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I am currently in school studying game design and programming and I am wondering, simply: How are games updated?

Whenever I create simple, little programs, if I change anything, essentially the entire program is recreated. Obviously, game with sizes of 5, 10, even 20 Gb are much too large to recreate the whole thing if there are only a few small changes, so what is the process of updating the game's code?

Specifically PC if anything, but knowledge on other systems would be nice too, if they are different.

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  • \$\begingroup\$ with a 20 Gb game, the majority of it will usually be assets (textures, models, audio etc.), not code. But even code rarely needs to be completely recompiled. Most modern programming languages allow to just recompile those modules which were actually changed. \$\endgroup\$ – Philipp Oct 1 '16 at 19:31
  • \$\begingroup\$ @Philipp Okay, so when the objects changed are recompiled, are they then just downloaded and replace the old ones? \$\endgroup\$ – Dr Negative Oct 1 '16 at 19:35
  • \$\begingroup\$ Essentially, yes. There are also tools which allow incremental updates of a file (only exchange those parts of a file which actually changed) but in the age of internet connections with multiple Mbit/s fewer and fewer people bother with them. \$\endgroup\$ – Philipp Oct 1 '16 at 19:40
  • \$\begingroup\$ If GTA did it with 60 gigs, then it should be possible \$\endgroup\$ – Bálint Oct 1 '16 at 20:49
  • \$\begingroup\$ Possible duplicate of How do patches in games work? \$\endgroup\$ – Vaillancourt Oct 8 '16 at 14:49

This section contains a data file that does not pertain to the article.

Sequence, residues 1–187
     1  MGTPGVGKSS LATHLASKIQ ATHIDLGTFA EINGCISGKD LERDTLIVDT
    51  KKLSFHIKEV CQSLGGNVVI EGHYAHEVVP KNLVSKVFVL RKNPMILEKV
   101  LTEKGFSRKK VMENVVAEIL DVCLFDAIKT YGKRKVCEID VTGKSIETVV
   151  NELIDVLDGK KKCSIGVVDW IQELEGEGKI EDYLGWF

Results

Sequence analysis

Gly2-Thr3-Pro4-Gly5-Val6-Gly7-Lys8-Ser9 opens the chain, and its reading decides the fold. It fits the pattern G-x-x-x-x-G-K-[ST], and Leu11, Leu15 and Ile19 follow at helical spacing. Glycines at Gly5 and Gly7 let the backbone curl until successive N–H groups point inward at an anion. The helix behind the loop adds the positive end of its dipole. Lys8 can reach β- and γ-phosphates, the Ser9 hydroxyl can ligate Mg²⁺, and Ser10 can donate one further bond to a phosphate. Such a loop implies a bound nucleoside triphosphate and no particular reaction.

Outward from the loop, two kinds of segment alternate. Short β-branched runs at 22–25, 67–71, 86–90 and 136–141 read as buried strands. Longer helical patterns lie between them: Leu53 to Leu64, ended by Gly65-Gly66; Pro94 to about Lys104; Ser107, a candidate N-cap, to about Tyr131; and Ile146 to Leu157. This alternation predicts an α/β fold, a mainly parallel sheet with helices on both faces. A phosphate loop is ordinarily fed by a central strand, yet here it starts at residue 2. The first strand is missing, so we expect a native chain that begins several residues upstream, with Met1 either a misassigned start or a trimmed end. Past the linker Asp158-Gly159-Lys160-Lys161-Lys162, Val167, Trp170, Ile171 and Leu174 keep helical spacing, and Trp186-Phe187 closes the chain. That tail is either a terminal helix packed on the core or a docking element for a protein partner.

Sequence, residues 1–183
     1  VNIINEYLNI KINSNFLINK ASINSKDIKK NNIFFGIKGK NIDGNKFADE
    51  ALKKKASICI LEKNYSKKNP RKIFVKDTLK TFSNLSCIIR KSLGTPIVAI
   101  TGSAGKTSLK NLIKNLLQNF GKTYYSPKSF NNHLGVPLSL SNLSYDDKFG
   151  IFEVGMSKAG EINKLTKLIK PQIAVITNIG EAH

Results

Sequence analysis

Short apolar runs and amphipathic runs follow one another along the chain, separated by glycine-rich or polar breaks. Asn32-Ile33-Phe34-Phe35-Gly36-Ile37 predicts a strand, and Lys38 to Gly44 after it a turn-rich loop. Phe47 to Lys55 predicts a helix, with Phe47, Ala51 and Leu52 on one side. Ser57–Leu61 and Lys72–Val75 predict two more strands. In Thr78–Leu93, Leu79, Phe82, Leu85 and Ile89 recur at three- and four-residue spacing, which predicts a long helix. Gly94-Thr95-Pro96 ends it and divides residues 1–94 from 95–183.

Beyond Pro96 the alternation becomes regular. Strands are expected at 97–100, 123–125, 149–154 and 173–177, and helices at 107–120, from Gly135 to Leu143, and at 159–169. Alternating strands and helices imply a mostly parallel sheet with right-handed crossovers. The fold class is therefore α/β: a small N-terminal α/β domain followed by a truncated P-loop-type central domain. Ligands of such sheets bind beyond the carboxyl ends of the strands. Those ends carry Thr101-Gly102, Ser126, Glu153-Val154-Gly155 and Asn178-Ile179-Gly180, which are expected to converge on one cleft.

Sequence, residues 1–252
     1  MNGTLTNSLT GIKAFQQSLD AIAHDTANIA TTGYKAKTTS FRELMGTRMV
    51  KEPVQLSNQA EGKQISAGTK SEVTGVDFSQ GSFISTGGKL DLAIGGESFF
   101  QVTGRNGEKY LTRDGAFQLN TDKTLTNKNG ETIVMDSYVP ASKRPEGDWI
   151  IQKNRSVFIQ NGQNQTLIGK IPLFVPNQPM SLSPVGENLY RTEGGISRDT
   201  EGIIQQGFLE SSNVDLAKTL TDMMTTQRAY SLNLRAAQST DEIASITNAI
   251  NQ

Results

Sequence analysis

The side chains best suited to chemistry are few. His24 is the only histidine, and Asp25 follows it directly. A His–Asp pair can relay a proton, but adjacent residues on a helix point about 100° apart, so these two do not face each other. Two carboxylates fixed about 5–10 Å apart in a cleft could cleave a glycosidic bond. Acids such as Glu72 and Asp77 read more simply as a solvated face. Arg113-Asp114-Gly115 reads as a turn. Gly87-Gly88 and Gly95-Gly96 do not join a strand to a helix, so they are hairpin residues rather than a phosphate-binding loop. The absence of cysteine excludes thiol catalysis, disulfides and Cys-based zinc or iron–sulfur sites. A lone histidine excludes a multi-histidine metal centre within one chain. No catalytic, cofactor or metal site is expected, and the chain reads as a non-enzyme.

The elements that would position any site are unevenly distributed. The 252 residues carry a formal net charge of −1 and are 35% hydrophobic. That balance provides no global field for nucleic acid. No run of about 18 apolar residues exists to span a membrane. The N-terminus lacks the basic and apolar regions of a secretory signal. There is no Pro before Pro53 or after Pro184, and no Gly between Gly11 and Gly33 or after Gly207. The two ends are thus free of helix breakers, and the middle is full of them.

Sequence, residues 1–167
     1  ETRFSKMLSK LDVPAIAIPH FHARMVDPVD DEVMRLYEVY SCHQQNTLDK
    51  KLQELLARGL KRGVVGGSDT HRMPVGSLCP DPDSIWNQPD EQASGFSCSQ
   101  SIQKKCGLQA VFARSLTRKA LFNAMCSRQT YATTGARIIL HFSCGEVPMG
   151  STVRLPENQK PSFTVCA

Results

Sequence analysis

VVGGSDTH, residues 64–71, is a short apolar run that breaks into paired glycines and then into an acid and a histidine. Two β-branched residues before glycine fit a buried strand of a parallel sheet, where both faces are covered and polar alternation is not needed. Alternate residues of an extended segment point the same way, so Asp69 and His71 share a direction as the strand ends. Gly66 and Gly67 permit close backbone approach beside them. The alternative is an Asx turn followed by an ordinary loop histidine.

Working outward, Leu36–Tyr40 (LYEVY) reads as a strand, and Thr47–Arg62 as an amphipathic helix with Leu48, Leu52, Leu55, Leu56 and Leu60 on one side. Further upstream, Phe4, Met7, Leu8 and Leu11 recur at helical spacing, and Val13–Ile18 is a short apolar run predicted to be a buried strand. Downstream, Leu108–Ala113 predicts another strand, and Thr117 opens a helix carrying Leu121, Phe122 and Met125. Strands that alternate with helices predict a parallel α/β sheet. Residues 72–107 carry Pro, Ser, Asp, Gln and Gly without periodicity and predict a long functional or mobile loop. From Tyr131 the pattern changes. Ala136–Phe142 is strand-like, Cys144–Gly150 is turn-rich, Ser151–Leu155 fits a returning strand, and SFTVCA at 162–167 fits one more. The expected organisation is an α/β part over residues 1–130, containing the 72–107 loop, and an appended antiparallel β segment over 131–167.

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Here's a general primer, and I'd recommend searching StackOverflow for different specifics. There isn't a lot of game specific information beyond a discussion of game specific asset types or game specific operating systems (consoles, steam, etc.).

Just Assets:

So your images, sounds, models, animations, etc. are probably loaded as needed.

They may exist as separate files, in which case you can build a mechanism to update these files and possibly even force the assets to be reloaded while the game is running.

They may also exist as part of a package. A single file where the asset data is just part of the file as a whole. If this is the case, you need to be able to rewrite the specific data or accept updating the whole package file.

Code Updates:

Biggest issues here are permissions. If any application was allowed to download new code and run it there are a host of security issues. Normally in Windows there are some folders that you are allowed to place code updates for this reason.

Shared libraries, .dll files in windows. Break the code apart into smaller parts that are loaded as needed. Then you can replace those smaller .dll files.

Scripting engines allow you to essentially turn code into an asset. Instead of having to be compiled and loaded by the operating system, script just becomes text that can be easily changed.

This is a trade off of performance for ease of updates.

Conclusion:

It comes down to breaking the game into pieces, having a core set of code that handles updating those pieces and then loads and executes them.

There are way too many specifics to consider here, as well as a lot of existing solutions that could be leveraged, but I hope this gets you started.

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